“Don’t let the room work you,” counsels Dedric Carter ‘99, MEng ‘99, executive director of the MIT Office of Engineering Outreach Programs. As a Charm School instructor at the Alumni Leadership Conference in September, Carter mapped out these strategies for overcoming fears that can undercut successful networking and social encounters:
•Plan for success by dressing appropriately. “More is better than less,” Carter says, “because you can always dynamically dress down.” And always bring your business cards.
•Make your first encounter with a new person powerful by being prepared with an engaging seven- to nine-second introduction. Practice it before you go. “Think about saying your name last, since people tend to remember the last thing that you say,” he says.
•Show that you are open to each new person by maintaining eye contact and listening more than you speak.
•Be willing to risk rejection, and if an encounter does not go well, just move on to the next conversation.
•Impromptu conversations are the core of networking, so be prepared with two or three topics. You could, for example, state an opinion and follow with two or three reasons to support it. Also, have a few questions in mind that will help you learn about others.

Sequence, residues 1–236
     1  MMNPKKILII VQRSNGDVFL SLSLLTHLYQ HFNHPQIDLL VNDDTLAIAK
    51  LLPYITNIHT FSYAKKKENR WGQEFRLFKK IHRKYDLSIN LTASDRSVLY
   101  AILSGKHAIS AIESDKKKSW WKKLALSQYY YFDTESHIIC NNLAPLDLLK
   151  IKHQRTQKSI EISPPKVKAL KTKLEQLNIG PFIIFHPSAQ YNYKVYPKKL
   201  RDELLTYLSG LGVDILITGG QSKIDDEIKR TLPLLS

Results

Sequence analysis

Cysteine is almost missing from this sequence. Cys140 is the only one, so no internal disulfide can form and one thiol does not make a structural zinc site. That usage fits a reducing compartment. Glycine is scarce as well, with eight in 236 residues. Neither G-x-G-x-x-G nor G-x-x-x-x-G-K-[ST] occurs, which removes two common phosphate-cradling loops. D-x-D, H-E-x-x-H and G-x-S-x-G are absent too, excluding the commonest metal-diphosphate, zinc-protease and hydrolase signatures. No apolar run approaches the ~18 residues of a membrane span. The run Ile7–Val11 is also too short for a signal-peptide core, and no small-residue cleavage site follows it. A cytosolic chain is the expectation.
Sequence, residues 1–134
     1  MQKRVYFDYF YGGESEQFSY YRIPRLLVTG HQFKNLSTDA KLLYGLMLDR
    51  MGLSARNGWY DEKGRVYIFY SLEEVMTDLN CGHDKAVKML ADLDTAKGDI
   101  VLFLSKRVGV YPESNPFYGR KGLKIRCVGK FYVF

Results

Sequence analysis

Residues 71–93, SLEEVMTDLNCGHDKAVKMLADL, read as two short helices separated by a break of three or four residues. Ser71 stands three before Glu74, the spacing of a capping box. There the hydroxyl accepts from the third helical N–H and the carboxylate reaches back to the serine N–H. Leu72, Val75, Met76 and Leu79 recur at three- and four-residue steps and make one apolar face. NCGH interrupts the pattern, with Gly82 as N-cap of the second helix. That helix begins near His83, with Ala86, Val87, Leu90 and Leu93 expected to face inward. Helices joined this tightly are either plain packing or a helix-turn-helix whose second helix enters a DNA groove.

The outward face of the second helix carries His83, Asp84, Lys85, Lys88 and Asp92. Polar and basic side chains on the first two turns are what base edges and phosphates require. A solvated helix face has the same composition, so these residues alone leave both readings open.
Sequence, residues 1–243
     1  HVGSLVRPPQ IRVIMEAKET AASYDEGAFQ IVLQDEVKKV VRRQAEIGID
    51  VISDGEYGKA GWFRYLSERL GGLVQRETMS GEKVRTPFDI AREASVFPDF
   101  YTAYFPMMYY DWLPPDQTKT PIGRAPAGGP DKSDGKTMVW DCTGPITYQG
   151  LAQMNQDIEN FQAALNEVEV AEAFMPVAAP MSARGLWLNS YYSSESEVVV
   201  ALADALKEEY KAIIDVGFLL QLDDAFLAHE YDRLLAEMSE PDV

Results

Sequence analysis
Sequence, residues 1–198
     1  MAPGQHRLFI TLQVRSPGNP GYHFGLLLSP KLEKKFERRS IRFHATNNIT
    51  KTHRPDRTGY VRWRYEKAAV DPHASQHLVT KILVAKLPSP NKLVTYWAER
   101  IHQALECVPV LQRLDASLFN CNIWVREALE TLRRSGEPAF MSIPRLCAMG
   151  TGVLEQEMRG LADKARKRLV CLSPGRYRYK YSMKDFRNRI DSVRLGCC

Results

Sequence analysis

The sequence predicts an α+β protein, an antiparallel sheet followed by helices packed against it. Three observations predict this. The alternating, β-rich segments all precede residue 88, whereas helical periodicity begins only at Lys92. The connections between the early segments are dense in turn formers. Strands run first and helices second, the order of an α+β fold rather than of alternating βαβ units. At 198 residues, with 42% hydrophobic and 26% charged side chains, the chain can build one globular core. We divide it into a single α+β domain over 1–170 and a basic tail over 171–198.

•Be positive and be polite. And don’t forget to follow up with a note or e-mail if you want to develop the relationship.
To put Carter’s networking suggestions to maximum use, follow the Charm School advice of Lola Ball ‘91 on making small talk. She recommends starting or contributing to conversations using public-speaking expert Sasha ZeBryk’s BRAVO approach:
B: Behavior of the other person–Your talk was great; how do I learn more?
R: Relevance–How do you know the bride/groom?
A: Appearance–Love that bracelet. Where did you get it?
V: Verbal cues–What a great accent! Where are you from?
O: Occasion–Is this your first ALC?
How AI is reinventing what computers are
Three key ways artificial intelligence is changing what it means to compute.
These weird virtual creatures evolve their bodies to solve problems
They show how intelligence and body plans are closely linked—and could unlock AI for robots.
A horrifying new AI app swaps women into porn videos with a click
Deepfake researchers have long feared the day this would arrive.
Surgeons have successfully tested a pig’s kidney in a human patient
The test, in a brain-dead patient, was very short but represents a milestone in the long quest to use animal organs in human transplants.
Get the latest updates from
MIT Technology Review
Discover special offers, top stories, upcoming events, and more.